On Saturday, May 20th, 2017, I attended the Park Pride Community Garden Tour. We toured four community gardens or farms: The Marian Apartments and PATH 400 garden, Blue Heron Nature Preserve community garden, Farm Chastain, and the Atlanta History Center's Smith Family Farm.
Most of the people in attendance were helping to run gardens in their own communities.
Marian Apartments and PATH 400
The residents of Marian Apartments have built a community garden. They also had been using some unused land off the apartment property for additional gardening space. When PATH 400 acquired that land, instead of ending the gardening program, they went along with it, installing additional planters and encouraged the residents to continue gardening.
The new planters spell out "PATH 400".
Blue Heron Nature Preserve
Blue Heron Nature Preserve has a community garden. Unlike the other gardens and farms on our tour, this is a traditional community garden, where anyone can have a garden plot (for an annual fee). Four of the plots are reserved for flowers and herbs, and two are reserved for produce to be donated to local organizations. A pollinator garden has been planted near the community garden, with phlox, columbine, blueberries, and other plants favored by bees, hummingbirds, butterflies, and other pollinators.
At this stop, the Food Well Alliance provided some delicious sorrel ginger hibiscus iced tea. Their objective is to strengthen the local food movement in Atlanta.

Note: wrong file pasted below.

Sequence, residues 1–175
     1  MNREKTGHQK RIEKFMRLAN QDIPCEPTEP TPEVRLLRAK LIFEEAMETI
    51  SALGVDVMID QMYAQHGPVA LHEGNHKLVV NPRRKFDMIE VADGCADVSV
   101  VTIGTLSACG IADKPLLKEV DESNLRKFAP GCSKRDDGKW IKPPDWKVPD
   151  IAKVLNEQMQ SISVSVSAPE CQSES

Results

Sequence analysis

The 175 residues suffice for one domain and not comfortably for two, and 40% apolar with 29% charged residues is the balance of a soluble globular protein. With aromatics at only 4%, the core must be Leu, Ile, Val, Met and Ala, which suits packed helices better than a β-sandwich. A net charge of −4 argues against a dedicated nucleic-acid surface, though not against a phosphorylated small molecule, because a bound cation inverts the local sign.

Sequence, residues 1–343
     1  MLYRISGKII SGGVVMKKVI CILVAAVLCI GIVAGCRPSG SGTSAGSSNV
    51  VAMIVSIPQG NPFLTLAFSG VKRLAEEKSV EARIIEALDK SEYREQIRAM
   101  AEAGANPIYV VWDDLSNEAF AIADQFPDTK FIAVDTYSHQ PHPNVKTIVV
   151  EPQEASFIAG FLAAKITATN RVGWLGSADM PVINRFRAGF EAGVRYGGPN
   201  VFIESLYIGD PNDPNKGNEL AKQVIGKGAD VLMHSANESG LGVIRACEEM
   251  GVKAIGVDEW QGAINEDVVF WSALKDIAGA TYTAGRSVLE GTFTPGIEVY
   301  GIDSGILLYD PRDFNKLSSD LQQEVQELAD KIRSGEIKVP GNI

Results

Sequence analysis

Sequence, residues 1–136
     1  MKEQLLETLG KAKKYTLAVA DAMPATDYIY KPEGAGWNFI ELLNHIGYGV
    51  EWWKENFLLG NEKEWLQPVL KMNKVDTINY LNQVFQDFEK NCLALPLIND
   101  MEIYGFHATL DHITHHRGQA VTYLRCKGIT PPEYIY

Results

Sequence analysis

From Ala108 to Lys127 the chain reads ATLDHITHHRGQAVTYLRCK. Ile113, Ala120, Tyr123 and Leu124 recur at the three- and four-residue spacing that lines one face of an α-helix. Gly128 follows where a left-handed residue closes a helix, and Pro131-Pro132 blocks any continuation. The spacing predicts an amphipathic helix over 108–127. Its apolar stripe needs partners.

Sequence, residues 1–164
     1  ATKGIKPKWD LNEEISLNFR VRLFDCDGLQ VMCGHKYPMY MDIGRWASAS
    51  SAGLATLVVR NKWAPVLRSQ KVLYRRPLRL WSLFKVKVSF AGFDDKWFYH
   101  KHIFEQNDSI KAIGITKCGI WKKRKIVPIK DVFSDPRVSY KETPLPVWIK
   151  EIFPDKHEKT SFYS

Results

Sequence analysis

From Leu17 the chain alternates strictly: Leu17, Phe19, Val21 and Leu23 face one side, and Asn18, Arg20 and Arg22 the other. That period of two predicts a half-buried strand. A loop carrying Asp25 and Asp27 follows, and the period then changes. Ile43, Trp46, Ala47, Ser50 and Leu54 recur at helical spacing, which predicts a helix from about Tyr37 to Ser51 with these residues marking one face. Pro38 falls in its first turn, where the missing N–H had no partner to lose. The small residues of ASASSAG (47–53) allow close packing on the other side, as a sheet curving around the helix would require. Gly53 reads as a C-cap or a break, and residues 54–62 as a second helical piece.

Chastain Park Conservancy includes Farm Chastain, an urban teaching garden. The farm has chickens, a goat, an apiary, a greenhouse, water collection tanks, and gardens. The conservancy is housed in a quonset hut. They offer free classes. Everything that is grown on-site is donated (currently to Meals on Wheels).
Farm Chastain is in a section of Chastain Park that's separated from the rest by a gate. Their hours are generally 9-4 Monday-Friday, and they tend to be open on Saturdays as well. Visitors are welcome.
The greenhouse is of a special design that doesn't have any glass. Glass construction wasn't deemed safe with all the children in the park.
Atlanta History Center Smith Family Farm
As well as indoor history exhibits, the Atlanta History Center has outdoor grounds with gardens and period buildings with reenactors. The Smith Family Farm is meant to display what a farm in this area was like in the 1860s. The farm has goats, chickens, turkeys, a garden, a small farm, and buildings.
Visiting the Smith Family Farm requires admission to the history center, which was included in the bus tour.
Each time they offer this tour, Park Pride includes gardens in a different area of town. They have previously offered tours in Southeast and Southwest Atlanta. I recommend checking it out the next time one is offered, especially if you're involved or wanting to get involved with running a community garden. It was nice to meet other folks who are interested in community gardens and have varying levels of expertise. I also appreciated the wide variety of gardens that we toured. The tour was a great value as well, with admission to the Atlanta History Center and a picnic lunch included in the price.